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Talking the trucking industry with Joe Butzer, interim president of the Pa. Motor Truck Association.

About Joe Butzer

Joe Butzer, 60, was named interim president of the Pennsylvania Motor Truck Association in May, following the sudden passing of its president, Kevin Stewart. He had served on the PMTA board for six years, the past year as first vice chairman, and opted to take the interim president position rather than the 2020 chairmanship. He is the former president and CEO of Advantage Truck Leasing, Inc. in Lititz, and has more than 35 years of experience in the industry.

Butzer is a graduate of Reading Central Catholic High School.

He and his wife, Beth, live in Hummelstown. He has two daughters, Megan and Kyra, and a stepson, Kyle.

You were to become PMTA chairman in May, but instead stepped in to serve as interim president after Kevin Stewart’s passing. What made you decide to do this?

I was really looking forward to becoming chairman and working with Kevin to assist him in growing PMTA and improving our service to our members. When Kevin passed, and with everything happening in the world with COVID-19, I was asked by quite a few PMTA members to step in right away. I care very deeply about our industry and all our members who keep America moving. Seeing there was an immediate need for PMTA to become “virtual” to better communicate with our members in the age of COVID-19, along with me being at a point in my career where I could devote the time necessary, I decided to give up my chairmanship and serve as interim president.

What is your vision for the trucking industry in Pennsylvania, especially as we move into various phases of recovery from the COVID-19 pandemic?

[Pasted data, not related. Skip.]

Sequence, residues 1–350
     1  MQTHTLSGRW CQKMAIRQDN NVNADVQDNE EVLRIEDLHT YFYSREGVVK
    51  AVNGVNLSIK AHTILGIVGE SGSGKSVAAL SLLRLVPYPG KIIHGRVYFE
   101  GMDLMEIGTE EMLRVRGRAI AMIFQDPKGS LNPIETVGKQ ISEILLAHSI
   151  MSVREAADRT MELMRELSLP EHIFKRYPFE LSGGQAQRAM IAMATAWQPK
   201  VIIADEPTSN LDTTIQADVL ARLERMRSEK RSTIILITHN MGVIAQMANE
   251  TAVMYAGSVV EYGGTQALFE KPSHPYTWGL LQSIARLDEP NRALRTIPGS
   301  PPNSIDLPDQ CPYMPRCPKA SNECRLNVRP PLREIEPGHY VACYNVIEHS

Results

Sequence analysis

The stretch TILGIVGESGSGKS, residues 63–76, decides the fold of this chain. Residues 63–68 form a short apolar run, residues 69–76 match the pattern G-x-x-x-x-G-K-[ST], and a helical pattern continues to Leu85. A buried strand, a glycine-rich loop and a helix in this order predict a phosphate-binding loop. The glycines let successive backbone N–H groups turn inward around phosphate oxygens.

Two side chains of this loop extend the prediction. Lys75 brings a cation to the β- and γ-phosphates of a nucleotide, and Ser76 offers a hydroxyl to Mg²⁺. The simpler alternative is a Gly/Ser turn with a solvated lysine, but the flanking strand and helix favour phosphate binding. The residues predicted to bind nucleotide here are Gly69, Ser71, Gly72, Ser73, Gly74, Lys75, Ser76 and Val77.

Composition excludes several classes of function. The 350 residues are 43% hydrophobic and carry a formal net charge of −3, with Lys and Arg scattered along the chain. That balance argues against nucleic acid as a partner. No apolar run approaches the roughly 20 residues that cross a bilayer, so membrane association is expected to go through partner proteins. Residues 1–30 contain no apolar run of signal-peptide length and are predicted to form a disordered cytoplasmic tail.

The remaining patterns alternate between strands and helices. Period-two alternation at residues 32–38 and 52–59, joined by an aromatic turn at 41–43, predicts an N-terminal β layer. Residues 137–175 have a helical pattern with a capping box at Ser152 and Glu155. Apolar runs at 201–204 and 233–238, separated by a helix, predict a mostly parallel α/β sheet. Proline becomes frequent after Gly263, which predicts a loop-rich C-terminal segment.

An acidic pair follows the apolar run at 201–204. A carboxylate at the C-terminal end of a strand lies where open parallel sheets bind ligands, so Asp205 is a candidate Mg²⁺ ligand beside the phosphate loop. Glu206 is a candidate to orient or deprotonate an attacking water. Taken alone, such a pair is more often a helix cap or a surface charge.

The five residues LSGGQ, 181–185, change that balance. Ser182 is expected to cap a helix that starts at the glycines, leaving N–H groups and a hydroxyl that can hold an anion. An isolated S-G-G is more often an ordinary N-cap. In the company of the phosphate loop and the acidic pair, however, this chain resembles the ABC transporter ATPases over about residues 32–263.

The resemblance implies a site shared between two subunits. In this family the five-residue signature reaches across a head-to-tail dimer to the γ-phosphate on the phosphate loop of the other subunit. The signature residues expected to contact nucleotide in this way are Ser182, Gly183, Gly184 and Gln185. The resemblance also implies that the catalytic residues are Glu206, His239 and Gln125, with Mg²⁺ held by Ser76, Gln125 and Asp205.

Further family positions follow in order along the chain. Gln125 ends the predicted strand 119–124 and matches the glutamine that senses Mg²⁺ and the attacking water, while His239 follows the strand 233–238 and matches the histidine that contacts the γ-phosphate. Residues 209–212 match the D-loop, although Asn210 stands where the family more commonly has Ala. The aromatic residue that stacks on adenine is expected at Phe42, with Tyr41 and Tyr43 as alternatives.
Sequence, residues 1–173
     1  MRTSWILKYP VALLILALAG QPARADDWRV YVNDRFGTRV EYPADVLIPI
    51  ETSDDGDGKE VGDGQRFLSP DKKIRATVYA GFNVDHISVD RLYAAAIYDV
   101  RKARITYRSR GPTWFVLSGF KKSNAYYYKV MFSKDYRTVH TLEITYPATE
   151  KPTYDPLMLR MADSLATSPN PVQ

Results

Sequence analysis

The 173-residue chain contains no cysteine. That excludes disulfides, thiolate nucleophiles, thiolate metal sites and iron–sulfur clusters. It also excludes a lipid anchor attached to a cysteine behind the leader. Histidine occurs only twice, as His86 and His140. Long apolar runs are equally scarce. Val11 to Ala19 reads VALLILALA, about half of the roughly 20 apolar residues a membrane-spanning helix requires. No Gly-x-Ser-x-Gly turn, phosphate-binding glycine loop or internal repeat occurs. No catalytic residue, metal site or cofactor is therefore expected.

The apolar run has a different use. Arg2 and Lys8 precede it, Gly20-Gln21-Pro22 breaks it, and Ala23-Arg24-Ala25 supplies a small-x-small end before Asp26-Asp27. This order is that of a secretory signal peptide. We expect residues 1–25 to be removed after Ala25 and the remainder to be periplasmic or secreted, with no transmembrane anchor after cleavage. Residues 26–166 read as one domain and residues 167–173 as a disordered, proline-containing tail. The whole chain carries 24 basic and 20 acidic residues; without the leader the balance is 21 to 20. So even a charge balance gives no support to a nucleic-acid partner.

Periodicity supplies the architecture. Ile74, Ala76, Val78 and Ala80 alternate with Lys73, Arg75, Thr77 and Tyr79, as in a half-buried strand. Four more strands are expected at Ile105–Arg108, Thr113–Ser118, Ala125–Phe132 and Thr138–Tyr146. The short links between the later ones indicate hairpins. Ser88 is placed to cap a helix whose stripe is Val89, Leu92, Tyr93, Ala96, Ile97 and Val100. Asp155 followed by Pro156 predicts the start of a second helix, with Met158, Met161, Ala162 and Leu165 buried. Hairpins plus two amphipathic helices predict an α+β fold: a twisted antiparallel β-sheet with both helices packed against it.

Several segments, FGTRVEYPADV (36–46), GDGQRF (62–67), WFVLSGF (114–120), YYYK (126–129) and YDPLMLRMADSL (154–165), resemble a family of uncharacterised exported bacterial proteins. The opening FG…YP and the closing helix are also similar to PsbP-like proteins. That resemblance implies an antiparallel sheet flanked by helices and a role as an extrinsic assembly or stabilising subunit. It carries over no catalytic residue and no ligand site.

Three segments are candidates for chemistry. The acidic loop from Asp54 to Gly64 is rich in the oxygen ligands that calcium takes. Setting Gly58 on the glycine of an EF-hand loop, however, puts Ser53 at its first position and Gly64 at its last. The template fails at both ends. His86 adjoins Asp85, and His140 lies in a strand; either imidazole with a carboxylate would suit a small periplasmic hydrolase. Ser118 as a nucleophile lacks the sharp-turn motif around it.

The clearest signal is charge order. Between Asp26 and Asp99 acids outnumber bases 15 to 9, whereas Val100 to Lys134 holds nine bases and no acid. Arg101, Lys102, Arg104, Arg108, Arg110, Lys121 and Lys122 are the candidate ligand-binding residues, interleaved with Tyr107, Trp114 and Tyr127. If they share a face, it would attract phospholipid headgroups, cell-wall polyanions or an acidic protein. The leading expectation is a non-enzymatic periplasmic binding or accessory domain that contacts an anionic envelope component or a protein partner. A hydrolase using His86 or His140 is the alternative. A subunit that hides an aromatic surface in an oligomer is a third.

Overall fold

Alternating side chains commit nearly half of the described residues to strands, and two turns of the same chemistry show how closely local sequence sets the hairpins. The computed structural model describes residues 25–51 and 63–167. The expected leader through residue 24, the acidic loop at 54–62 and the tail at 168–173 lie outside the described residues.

PMTA’s mission statement states, “we pledge to assist member companies in managing change in the trucking industry and to enhance the professional and economic growth of its members.” Well, we’ve all had more change in our lives and businesses in the past three months than ever in the past, unwanted change for certain. Over the next few months, communication about reopening Pennsylvania will be the key to beginning a comeback. Most of our members lost revenue during the past couple of months, some as high as 35 percent.  Anyone that’s ever been in trucking knows how hard it is to make a profit, and losing a few months of revenue certainly lessens the possibilities of profit. Our members will definitely have a difficult year, but we’ll be poised to help any way we can. PMTA will begin to hold virtual trainings and meetings over the next few months to keep our members apprised of any changes or requirements.

Are there ways for PMTA and others in the industry to work with workforce development organizations to encourage qualified people to move into truck driving jobs, particularly now with high overall unemployment?

We certainly don’t hear very much about a driver shortage right now. With revenue being down due to COVID-19, some drivers are waiting to be called back to work. However, once our nation is back up and running at full capacity, the driver shortage will certainly be in the news again. We need Congress to pass the DRIVE Safe Act which would permit 18- to 20-year-old CDL truck drivers the ability to cross state lines. Current regulations permit an 18-year-old to obtain their CDL and drive from Philadelphia to Erie and back but that same driver couldn’t drive from Philadelphia to Trenton, N.J., which is right across the river. Current law just doesn’t make sense. Offering younger drivers the ability to make an average annual wage over $ 50,000 without a college education would be a great start to eliminating the driver shortage.

What is your favorite trucking-related movie, show or book?

“Smokey and the Bandit” is my favorite because the movie, besides the obvious plot, also showed how truck drivers look out for each other on our nation’s roadways and always did their best to get the product to its destination on time. Safety, back when the movie was released in 1977, was not the major consideration that it certainly is today as it should be; but let’s face it, even if it’s not a truckload of beer like in the movie, if you wear it, eat it, drink it or use it, a truck brought it safely to its destination. The trucking industry is vital to America — and has been well before 1977 — and will be vital to our nation well into the future, thanks to our nation’s truck drivers.

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